Historic Event Builds for the Future11.07.17
The skies may have been leaden, but the light of what Archbishop Dennis Schnurr called an “historic event” shined bright on those gathered November 2 as ground was broken for a new residence building.
The $11.5 million Fenwick Hall will take 16 months to complete and comes as the seminary is facing the same challenge it faced 100 years ago, “We’re growing so we’re building,” Archbishop Dennis Schnurr said to the crowd of clergy, faculty, seminarians and benefactors gathered in the plaza adjacent the 88-year-old main structure of the seminary. “The addition of this new building is a landmark moment in the long history of our seminary and for the more than 450,000 Catholics in southwest Ohio,” The Archbishop said. “The new building is an expression of our gratitude to God for hearing our prayers for an increase of vocations and guiding us to a future of hope.”
The new four-story addition will also include two classroom/conference rooms, a kitchen and lodging for overnight guests, including the men in the permanent diaconate formation program. A full basement will provide storage for seminarians’ belongings when they vacate their rooms at the end of the academic year. The seminarians’ rooms can then be used by retreat and summer program guests.
Individual rooms will not be elaborate but will be livable, much like a hotel room. This design maximizes the number of rooms in the building. “We’re being very careful with the money that people entrust to us for this project,” Athenaeum Vice-President for Finance Dennis Eagan said.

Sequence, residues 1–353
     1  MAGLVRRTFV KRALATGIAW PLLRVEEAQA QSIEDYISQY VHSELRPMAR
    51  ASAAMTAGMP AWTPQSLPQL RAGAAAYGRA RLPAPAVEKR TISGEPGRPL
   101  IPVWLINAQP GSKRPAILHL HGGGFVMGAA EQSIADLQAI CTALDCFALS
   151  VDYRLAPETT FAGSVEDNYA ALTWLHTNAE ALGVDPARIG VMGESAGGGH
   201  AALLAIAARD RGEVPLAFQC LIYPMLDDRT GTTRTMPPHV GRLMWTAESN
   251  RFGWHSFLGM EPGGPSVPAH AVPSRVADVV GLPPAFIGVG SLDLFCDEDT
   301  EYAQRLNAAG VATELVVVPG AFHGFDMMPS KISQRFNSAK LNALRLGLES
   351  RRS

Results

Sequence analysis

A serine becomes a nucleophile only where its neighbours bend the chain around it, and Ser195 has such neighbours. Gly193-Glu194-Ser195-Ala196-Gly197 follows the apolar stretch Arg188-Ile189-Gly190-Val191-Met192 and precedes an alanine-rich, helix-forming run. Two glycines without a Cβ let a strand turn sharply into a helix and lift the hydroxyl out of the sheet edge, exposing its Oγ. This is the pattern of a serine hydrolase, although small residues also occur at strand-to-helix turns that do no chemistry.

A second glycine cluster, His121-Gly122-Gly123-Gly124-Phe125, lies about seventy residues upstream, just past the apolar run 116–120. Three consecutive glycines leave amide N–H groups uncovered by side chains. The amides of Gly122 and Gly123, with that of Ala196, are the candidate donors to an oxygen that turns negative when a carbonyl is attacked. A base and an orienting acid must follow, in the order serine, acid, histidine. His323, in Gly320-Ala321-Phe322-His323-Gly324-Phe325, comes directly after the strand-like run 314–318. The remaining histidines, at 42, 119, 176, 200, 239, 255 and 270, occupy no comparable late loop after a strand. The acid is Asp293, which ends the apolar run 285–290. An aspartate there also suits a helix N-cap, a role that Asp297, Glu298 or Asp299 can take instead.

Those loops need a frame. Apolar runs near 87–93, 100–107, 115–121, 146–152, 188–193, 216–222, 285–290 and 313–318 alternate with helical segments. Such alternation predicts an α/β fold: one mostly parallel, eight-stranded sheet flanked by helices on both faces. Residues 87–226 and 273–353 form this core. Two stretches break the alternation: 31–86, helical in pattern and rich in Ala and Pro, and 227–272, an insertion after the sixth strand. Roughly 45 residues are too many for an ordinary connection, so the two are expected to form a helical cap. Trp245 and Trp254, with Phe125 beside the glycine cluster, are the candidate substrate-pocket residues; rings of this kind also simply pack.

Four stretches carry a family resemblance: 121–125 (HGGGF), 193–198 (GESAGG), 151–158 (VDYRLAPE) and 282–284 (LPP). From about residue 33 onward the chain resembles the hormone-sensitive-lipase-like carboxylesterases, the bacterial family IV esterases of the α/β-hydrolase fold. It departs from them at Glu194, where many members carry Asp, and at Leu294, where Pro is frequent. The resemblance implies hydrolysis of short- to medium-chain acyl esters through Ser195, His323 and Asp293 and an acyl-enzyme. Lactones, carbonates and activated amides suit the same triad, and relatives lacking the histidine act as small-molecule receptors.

“This new building looks to the future and it is a sign that we take the Lord at His word and that the Lord is generous to those who believe in Him,” said Father Benedict O’Cinnsealaigh, Rector of the seminary. “We have 82 seminarians here at Mount St. Mary’s today, from many diocese and many parts of the world: eighty-two grace-filled, honorable, courageous men, answering a call and trusting in the Lord. Eighty-two seminarians is the biggest number here in over 30 years.”
“But we all know that 82 aren’t enough and we believe that more men are called and that more will answer that call,” he said.
Father O’Cinnsealaigh told the gathering the building signals faith in the future: “It’s about vision, trust, courage and most of all faith. A priest in every parish, school, hospital, that’s the vision and the goal. The proclamation of the gospel, the teaching of the faith, the celebration of the sacraments, the building up of the Kingdom, the vision and grace of Christ sown in every heart, that the mission. Settling, adequate, average, mediocrity, these words are not in our vocabulary, nor in our nature, nor in our character, and so we are building with faith and hope and we are building with confidence,” he said.
In addition to a prayer of blessing from the Archbishop, the Mount St. Mary’s Seminary Latin Schola choir group sang “O Blessed are the Poor in Spirit,” and “Salve Regina.”
The new building is named after Edward Dominic Fenwick who was consecrated as the first Bishop of the new Diocese of Cincinnati in 1822. He went to Europe in 1823 to raise funding for the new diocese and returned in 1826 with resources to begin the construction of the cathedral, parochial schools, and to found convents. In 1829 Bishop Fenwick established the St. Francis Xavier Seminary. This was the third oldest Catholic seminary in the United States and the oldest Catholic seminary west of the Appalachian Mountains. The Athenaeum of Ohio / Mount St. Mary Seminary of the West claims its roots through the St. Francis Xavier Seminary.
Join the effort to expand Mount St. Mary’s Seminary at http://www.mtsm.org/seminaryexpansion/
See the groundbreaking video at https://www.youtube.com/watch?v=A18-eNISEBI&feature=youtu.be or the photo gallery at http://www.mtsm.org/PhotoGalleries/PhotoGallery69.aspx
Text Credit: Stephen Trosley, Editor in Chief, Catholic Telegraph.
Photo Credit (left to right): Archbishop Dennis Schnurr, Mr. Dennis Eagan, Father Anthony Brausch and Father Benedict O’Cinnsealaigh at the November 2 groundbreaking. E.L. Hubbard Photography.